Ena Sendijarević will take you somewhere nice

“When I have a bad day, I just think of Britney Spears being bald.”

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At the International Film Festival Rotterdam, a fete for film fanatics celebrating and highlighting the best visionaries and storytellers of the moment, only one film can take home the prestigious Tiger Award. This year, the Special Jury Prize was won by Ena Sendijarević for exceptional artistic achievement in her debut film, Take Me Somewhere Nice: a film that follows three characters, a girl from Western Europe and two boys from Eastern Europe, as they embark on a road trip to visit the girl’s father. “It feels amazing!” Ena proclaims upon receiving the €10,000 prize, as we talk in the Art Nouveau décor of the Grand Café in Amsterdam’s Central Station. “The festival really believes in how cinema can affect the world and what the relationship between the two… very close to my own outlook on the medium.”

Before falling into directing and screenwriting, Ena’s goal was to become a doctor, or rather a plastic surgeon; “my parents really wanted me to be a doctor, then I thought that was the only creative thing I could do as a doctor”. She hesitated, however, ended up enrolling in media and culture course, and began her journey as a filmmaker. “I fell in love with what cinema does, what it can do, the relation you can have to what’s on the screen, the way you can experience and get in touch with your own loneliness but do it together with other people.” In Take Me Somewhere Nice, it was Ena’s intention to explore “what it is to be European, so to say. Or what it means to have a passport that comes from a certain country.” As a Dutch-Bosnian citizen, she knows herself the struggle of identity, moving to the Netherlands as a little girl to escape the war in Yugoslavia.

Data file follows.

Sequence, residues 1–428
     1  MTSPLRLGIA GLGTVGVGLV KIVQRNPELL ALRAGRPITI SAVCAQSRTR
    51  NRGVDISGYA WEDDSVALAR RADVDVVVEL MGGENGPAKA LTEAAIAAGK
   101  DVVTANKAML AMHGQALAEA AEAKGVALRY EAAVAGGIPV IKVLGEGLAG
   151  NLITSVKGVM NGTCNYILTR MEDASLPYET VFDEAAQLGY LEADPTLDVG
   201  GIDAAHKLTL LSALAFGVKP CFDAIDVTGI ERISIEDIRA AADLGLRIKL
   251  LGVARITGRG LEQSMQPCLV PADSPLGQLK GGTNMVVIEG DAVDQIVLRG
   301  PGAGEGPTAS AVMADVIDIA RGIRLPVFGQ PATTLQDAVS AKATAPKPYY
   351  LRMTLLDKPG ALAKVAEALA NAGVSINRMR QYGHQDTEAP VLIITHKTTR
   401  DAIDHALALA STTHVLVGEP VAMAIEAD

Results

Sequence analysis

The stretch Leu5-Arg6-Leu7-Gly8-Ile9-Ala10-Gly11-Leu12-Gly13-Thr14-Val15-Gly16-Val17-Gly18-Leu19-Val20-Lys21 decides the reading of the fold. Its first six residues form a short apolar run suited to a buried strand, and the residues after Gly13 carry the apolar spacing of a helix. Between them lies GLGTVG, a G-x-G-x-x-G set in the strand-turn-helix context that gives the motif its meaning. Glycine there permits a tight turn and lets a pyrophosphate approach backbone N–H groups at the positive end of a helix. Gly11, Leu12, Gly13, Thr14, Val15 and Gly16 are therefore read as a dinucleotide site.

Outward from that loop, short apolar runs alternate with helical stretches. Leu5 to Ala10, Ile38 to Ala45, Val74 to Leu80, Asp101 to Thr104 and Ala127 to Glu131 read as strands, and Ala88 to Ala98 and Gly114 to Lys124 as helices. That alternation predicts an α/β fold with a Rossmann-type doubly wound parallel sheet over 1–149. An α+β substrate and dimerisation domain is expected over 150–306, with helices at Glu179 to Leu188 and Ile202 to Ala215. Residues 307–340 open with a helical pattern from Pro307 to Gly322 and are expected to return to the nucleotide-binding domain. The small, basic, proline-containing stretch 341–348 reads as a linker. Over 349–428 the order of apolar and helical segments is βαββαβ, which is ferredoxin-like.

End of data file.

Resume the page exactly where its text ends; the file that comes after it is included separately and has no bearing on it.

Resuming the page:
Ena often went on road trips with her family, travelling to Bosnia during the months of summer—“these huge fights and even sleeping in the car at parking lots” echoing the narrative of her debut film. There’s splendour in the confinement of a small space of a car, she explains, as “there is something beautiful about that, not being able to escape […] And being in love, everything is okay and when you’re in love.  Basically, you’re just in love with the world”. Playing with the themes of migration and identity enabled Ena to put “a lot of thoughts and feelings about these subjects” into her script, with the help of DoP Emo Weemhoff, production designer Myrte Beltman and costume designer Nedda Nagel and to create a stylized world with no intention to “depict reality”.

As a filmmaker, Ena is fascinated with anti-heroes, particularly the characters in Todd Solondz’ black comedy, Happiness. “All the characters are anti-heroes because they’re all struggling with life, they’re weird, pretending to be normal”. Fascinated by characters who recognise their imperfections, Ena feels we’re increasingly living in a world “where everyone is trying to show how perfect they are” through the visual mediums of the Internet and beyond. This notion might explain her love for American sweetheart Britney Spears, who also took a road trip of discovery in her 2002 film Crossroads, and the pains of her struggles in life, love, fame and fortune. “The story of Britney Spears is the story of survival”, she states of her teen idol, “so when I have a bad day, I just think of Britney Spears being bald.”

Ena might not be shaving her head soon, but her understanding of human compassion, dreams and faults makes her a teller of tales worth watching. Take Me Somewhere Nice screens in over 30 theatres this weekend—perhaps Ena can take Britney on the road?

Take Me Somewhere Nice is now in cinemas!

Words by Lawrence Harrison

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